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Shooting Down Misconceptions About B2B PR

B2B PR MisconceptionsWorking in B2B public relations probably isn’t what idealistic young people dream about, but that doesn’t mean misconceptions about it are true. B2B PR has endured as a successful part of many a company’s growth strategy, and it can be an exciting field for PR professionals. Here are some of the misconceptions that shouldn’t hold anyone back who might be thinking of it as a career.

Lesser known doesn’t mean less impact. If B2B is your game, you know you’re not speaking to the public at large in the same way a mass-market brand would. B2B PR pros strategically work with the publications and influencers who make a difference for their companies — regardless of how well known they might be to the general public. For example, few people outside the industry would be familiar with a publication like Convenience Store News, but scoring a placement there can be a big win if your target includes customers in the $700 billion convenience store sector.

B2B doesn’t have to be dull! We’ve touched on this topic before, but it’s worth repeating. Some may yawn, but we’ve had fun and fascinating experiences working on B2B campaigns: We’ve set up on-site media briefings with company execs ahead of a product launch that included Olympic snowboard champion Shaun White followed by a performance by the Alabama Shakes and Snoop Dogg; we’ve placed stories in top tier media with a tie-in to a key NFL player in the Super Bowl ahead of the big game; and we parlayed the drama of this year’s Presidential election into some generous news coverage for a B2B client by conducting an original survey. With a little creative thinking and connecting the dots, B2B programs can have the same flair as the sexiest of consumer brands.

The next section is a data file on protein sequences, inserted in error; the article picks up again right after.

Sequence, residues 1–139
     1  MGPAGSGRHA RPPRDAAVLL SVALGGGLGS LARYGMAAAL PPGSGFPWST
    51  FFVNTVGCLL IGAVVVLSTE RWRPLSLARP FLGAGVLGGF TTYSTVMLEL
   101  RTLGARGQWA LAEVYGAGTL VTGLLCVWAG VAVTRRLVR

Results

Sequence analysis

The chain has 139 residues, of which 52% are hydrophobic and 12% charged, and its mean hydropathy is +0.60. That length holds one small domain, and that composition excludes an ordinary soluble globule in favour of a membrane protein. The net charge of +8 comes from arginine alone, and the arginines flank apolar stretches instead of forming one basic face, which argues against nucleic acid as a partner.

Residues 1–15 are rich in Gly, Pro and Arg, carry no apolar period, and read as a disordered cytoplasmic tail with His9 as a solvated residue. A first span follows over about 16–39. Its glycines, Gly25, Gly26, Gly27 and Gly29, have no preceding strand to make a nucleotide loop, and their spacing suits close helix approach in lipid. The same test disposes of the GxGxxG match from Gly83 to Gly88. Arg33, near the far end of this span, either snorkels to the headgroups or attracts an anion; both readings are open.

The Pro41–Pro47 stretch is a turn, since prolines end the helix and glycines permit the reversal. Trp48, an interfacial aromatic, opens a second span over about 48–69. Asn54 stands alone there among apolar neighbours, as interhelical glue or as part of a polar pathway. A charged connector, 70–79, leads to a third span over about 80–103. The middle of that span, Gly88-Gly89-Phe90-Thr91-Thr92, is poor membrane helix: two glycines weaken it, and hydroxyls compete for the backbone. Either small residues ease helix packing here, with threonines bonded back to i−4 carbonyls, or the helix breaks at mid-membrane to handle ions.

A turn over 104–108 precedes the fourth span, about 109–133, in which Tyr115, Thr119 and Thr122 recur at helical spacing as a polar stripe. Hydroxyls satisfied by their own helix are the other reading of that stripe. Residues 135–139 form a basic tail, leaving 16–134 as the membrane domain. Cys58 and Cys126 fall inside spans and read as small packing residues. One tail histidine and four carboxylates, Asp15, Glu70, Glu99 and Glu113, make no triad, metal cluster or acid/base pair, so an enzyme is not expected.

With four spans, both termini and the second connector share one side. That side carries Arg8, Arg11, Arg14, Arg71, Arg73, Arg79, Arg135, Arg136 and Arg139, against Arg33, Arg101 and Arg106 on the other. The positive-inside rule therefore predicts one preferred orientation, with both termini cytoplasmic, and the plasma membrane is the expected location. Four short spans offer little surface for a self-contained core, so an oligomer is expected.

Embrace, don’t ignore, creative content. Some 60 percent of B2B customers ultimately make decisions based on some type of content they’ve encountered in the sales funnel process, so it behooves PR practitioners to take advantage of this trend. In today’s content-driven marketing world, PR teams must inform and own creative content for B2B programs to help drive business success. 

B2B is about people as much as products and companies. There are passionate, funny, intelligent people working in B2B marketing – and they’re humble. Especially as media spokespeople — trade journalists will thank you, and it might drive more, better, and deeper coverage for the brand. For an advertising technology client, one exec speaks about technology with such fervor — and such color — that listening to him is like a cross between an inspiring TED talk and a stand up comedy set. Offering him as a spokesperson typically drives more trade media interviews than any other pitch, because of his depth of knowledge and sheer passion. B2B companies are full of such characters — learn to identify them, media train them, and use them well.

Social media is just as important, if not more, than in B2C. In fact, because the audience segment is harrow, the “advocacy impact” of each B2B customer is amplified. A recent study showed 86 percent of B2B technology buyer used social media in their purchase decision process. A robust social media campaign – going beyond just LinkedIn and Facebook — is something that can’t be ignored.

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